Every year, Canadians die or become ill because of carbon monoxide poisoning. Carbon Monoxide (CO) is a colorless, odorless, and tasteless toxic gas produced by fuel-burning appliances. If your home has one or more fuel burning appliances, or an attached garage, you should definitely have carbon monoxide detectors installed on every level of the building.
Some of the Most Common Sources of CO Are:
Vehicles idling in an enclosed space, such as a garage. The CO will build up and possibly leak into the building. Even sitting in an idling car in an open garage can be dangerous.
Gas water heaters, ovens & dryers. If fuel-burning appliances are not installed properly, regularly maintained or used correctly, CO can build up inside the building.
Fuel-burning heating systems such as gas or propane furnaces & wood, coal or gas fireplaces can emit CO gas. For safe use of these heating sources, proper maintenance and venting is very important.
Portable barbecues & back-up generators, which are intended for outdoor use only.
Symptoms of Carbon Monoxide Poisoning:
Chest tightness or shortness of breath
Because of their similarity, poisoning symptoms are often misdiagnosed as the flu.
How to Protect Yourself:
Never use fuel burning heaters in an enclosed area because of the risk of CO
Don’t let your car idle in the garage, even when the garage door is open
Inspect fuel burning appliances annually
Never use portable gas, propane or charcoal grills indoors
Never use a gas-powered generator in an enclosed space
Don’t use a gas oven to heat your home because CO can build up inside
To warn of increased levels of this deadly poisonous gas, carbon monoxide detectors should be installed on every floor. Detectors can be purchased as a single unit or in combination with ionization smoke alarm units. For more information on CO/smoke detector safety, click here
Contact Blue Crest Electric and one of our electricians would be happy to install a hard-wired, battery backup CO detector in your home.
The concern regarding flooding and electricity tends to come up most often in springtime. That’s because spring is considered to be Flood Season in most parts of Canada. The reality is that any home can be affected by flooding, and at any time of year. Since flooding and electricity is always a dangerous combination, some basic electrical safety knowledge is helpful.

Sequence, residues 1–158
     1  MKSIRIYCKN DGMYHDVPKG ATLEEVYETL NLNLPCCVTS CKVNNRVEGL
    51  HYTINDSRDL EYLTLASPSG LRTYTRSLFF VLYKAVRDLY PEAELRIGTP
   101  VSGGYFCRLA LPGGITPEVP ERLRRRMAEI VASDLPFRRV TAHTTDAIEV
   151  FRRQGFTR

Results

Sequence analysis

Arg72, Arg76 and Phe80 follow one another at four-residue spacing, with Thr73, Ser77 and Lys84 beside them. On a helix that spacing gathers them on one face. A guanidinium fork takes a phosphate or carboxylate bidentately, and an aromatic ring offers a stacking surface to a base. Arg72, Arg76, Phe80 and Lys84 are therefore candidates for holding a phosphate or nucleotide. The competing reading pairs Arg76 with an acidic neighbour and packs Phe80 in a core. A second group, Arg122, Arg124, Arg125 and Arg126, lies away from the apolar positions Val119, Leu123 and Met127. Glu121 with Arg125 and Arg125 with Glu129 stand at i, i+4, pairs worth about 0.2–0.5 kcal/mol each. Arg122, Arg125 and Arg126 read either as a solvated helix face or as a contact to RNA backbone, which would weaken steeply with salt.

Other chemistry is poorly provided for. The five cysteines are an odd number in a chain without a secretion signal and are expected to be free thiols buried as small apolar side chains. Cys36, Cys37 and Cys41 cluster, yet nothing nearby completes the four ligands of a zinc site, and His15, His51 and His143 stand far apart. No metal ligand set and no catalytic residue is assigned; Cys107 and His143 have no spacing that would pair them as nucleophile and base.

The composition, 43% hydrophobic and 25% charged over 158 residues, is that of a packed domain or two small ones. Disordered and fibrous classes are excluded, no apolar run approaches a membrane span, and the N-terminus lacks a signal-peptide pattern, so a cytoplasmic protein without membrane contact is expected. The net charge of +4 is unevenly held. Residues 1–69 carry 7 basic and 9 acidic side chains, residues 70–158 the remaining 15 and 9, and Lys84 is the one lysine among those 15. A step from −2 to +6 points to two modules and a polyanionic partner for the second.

Whether your home falls victim to the rising waters in a flood prone area, or an over flowing toilet, knowing what to do (or not to do) regarding electrical safety during a flood is important.
Flooding and Electricity Safety Tips
Never touch electrical equipment or appliances if you are wet or standing in water. This could result in an electrical shock or even electrocution.
If it is safe to do so, unplug appliances and electrical devices from the power source receptacle.
If possible, move appliances out of the path of water, whether from external flooding or a burst pipe, water heater, or over flowing tub or toilet.
Do not enter the basement or low lying areas where water and electricity may both be present.
If water is approaching and the area around the electrical panel is still completely dry, turn OFF the main breaker before you evacuate. This helps to prevent fires and protect first responders who may need to enter the building.
If you have advance notice of a flood and have time to prepare, move electrical appliances to a higher level out of the path of approaching water.
If flood water has already entered your building, do not touch any electrical components. Call a licensed electrician for help to safely access the electrical risks.
Watch for damaged or downed power lines while evacuating.
Stay out of standing water as it may be electrically charged by an underground power source or downed power lines.
Homes located in low lying, flood prone areas should have a Flood Evacuation Plan in place so family members/occupants know what to do and where to go, in the event of a flood emergency. For information on how to develop an Emergency Flood Evacuation Plan, Click HERE.
Inspect and service the hot water tank regularly, as this is a very common cause of flooding. Replace an aging hot water tank as recommended by the manufacturer.
Keep gutters and down spouts clear of debris, ice and snow so water can drain away from the house and not pool around the foundation and openings to the home.